SUBJECTED THE SAME IN HOPE
By John C. Carpenter
 
The apostle Paul wrote the beloved saints in Rome: The [Holy] Spirit itself beareth witness with our spirit, that we are the children of God: And if children, then heirs; heirs of God, and joint-heirs with Christ; if so be that we suffer with him, that we may be also glorified together. For I reckon that the sufferings of this present time are not worthy to be compared with the glory which shall be revealed in us. For the earnest expectation of the creature waiteth for the manifestation of the sons of God. For the creature was made subject [subjected, made obedient] to vanity, not willingly, but by reason of him who hath subjected the same [creature] in hope, Because the creature itself also shall be delivered from the bondage of corruption into the glorious liberty of the children of God. For we know that the whole creation groaneth and travaileth in pain together until now. And not only they, but ourselves also, which have the firstfruits of the Spirit, even we ourselves groan within ourselves, waiting for the adoption, to wit, the redemption of our body. For we are saved by hope: but hope that is seen is not hope: for what a man seeth, why doth he yet hope for? But if we hope for that we see not, then do we with patience wait for it (Rom 8:16-25). In these subject verses, who is the creature, who subjected to creature unwillingly, and what hope was the creature subjected to?
 
THE CREATURE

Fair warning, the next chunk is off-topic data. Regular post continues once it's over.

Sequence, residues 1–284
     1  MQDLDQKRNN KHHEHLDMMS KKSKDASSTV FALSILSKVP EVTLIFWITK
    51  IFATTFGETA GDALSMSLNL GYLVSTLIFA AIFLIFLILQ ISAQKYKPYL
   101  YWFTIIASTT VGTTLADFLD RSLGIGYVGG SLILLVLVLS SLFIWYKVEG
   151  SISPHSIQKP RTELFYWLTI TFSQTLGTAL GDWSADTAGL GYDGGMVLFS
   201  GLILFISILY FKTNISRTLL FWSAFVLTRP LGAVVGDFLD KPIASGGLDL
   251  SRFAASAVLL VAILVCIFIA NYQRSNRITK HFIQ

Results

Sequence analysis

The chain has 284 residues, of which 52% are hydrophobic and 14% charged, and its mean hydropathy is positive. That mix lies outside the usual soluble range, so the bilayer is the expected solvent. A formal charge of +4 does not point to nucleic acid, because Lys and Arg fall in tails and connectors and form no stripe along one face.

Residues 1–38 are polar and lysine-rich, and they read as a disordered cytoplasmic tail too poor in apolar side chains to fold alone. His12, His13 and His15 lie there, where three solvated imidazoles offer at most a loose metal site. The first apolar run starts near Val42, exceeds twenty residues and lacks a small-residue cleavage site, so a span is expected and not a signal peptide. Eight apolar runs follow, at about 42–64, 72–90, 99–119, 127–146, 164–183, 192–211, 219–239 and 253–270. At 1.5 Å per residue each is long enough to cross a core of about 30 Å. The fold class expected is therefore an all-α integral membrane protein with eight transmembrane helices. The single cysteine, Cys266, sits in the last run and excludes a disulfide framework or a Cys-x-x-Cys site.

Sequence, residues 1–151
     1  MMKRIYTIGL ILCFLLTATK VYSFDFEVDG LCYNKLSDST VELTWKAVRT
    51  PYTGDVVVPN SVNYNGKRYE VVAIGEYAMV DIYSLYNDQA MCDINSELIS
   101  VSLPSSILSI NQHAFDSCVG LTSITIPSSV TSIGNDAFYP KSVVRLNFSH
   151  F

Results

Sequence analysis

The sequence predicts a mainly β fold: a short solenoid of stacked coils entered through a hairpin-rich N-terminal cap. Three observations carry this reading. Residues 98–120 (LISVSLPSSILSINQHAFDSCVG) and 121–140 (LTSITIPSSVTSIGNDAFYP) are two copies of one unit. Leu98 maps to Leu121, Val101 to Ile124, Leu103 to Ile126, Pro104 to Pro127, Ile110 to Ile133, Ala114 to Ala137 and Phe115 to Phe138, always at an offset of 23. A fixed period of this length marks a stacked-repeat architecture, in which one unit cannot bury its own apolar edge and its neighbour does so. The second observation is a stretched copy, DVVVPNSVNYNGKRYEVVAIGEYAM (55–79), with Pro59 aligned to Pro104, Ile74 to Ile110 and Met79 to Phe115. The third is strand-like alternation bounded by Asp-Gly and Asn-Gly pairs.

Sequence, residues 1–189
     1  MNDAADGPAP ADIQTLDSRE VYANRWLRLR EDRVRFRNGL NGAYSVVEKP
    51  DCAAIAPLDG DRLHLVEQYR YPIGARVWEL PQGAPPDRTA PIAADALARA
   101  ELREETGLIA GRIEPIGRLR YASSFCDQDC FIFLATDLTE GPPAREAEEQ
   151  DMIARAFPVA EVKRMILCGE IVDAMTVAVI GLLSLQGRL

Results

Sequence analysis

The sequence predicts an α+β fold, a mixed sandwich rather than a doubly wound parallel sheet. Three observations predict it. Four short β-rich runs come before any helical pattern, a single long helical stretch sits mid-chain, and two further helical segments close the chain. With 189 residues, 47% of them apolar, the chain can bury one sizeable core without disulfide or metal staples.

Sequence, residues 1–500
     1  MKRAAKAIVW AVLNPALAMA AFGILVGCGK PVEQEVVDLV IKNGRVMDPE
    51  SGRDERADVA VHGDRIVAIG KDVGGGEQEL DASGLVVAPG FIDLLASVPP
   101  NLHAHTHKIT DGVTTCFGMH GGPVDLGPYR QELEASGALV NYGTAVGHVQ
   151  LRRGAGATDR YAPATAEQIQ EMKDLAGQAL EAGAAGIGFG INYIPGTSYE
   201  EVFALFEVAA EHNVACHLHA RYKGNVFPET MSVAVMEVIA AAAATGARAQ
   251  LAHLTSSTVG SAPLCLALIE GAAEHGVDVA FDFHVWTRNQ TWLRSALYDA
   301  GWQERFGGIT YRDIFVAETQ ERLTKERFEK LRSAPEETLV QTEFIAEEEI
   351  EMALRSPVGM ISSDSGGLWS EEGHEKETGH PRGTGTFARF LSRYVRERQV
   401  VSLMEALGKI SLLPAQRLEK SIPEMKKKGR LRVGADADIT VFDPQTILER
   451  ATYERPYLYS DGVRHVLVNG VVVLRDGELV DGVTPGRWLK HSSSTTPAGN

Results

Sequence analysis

In each of the verses 19-21, Paul describes someone or something as a "creature." Who is this "creature" that Paul is referring to here? "Creature" is the English word translated from the Greek word "ktisis," which means "original formation, building, creation, creature, or ordinance." In our subject verses, ktisis is also translated in verse 22 as "creation." In some new testament verses, tsisis is translated as "creature." For example, Christ instructed His disciples to Go ye into all the world, and preach the gospel to every creature [ktisis] (Mark 16:15), while the author of the epistle to the Hebrews wrote Neither is there any creature[ktisis] that is not manifest in his sight: but all things are naked and opened unto the eyes of him with whom we have to do (Heb 4:13). In other new testament verses, "ktisis" is translated as "creation." Christ said, But from the beginning of the creation [ktisis] God made them male and female (Mark 10:6), whereas the apostle Peter wrote Where is the promise of his coming? for since the fathers fell asleep, all things continue as they were from the beginning of the creation [ktisis] (2 Pet 3:4). In other verses, "ktisis" is translated as "building" [Heb 9:11] and "ordinance" [1 Pet 2:13]. There are many opinions as to who or what the "creature" refers to. Various scholars believe that "ktisis" refers to the physical creation, the Jewish people, the godly, or the Gentiles. Other scholars believe "ktisis" refers to good angels, or even fallen spirits [human or angelic]. It is easier to determine who the "creature" is if we determine who Paul was writing to, the primary point of Paul's letter, and the characteristics of the "creature." Paul was writing to saints (Rom 1:1) who not only had faith (Rom 1:8), but who had the mutual faith of Paul (Rom 1:12). These saints were clearly believers in Christ. From other verses in the letter, it is also clear that Paul's letter is written to both "Gentile" believers (Rom 1:13) and "Jewish" believers (Rom 2:17). Then we examine the primary point of Paul's letter. Paul writes, So, as much as in me is, I am ready to preach the gospel to you that are at Rome also. For I am not ashamed of the gospel of Christ: for it is the power of God unto salvation to every one that believeth; to the Jew first, and also to the Greek. For therein is the righteousness of God revealed from [to those of the Jewish] faith to [those of the Greek; i.e., Gentile] faith: as it is written, The just [whether Jew, or Greek] shall live by faith [in Christ] (Rom 1:15-17). Paul's point in his letter to the Roman believers is that the gospel is the power and message of salvation [eternal life] that is available to everyone who believes on Christ, Jew and Greek [Gentile] alike. Finally, in our subject passages, we find three characteristics of the creature: the creature "was waiting for the manifestation of the sons of God," was "unwillingly made subject to vanity so that he could be subjected to hope," and "shall be delivered from the bondage of corruption." Those who are waiting for the manifestation of the sons [better translation is child, foal, or son] of God, who are subjected to vanity so that they may develop hope, and who shall be delivered from corruption [decay, ruin, perish] are believers in Christ. The "creature" is clearly a reference to believers, and in the context of our subject verses, both Jewish and Greek [Gentile] believers.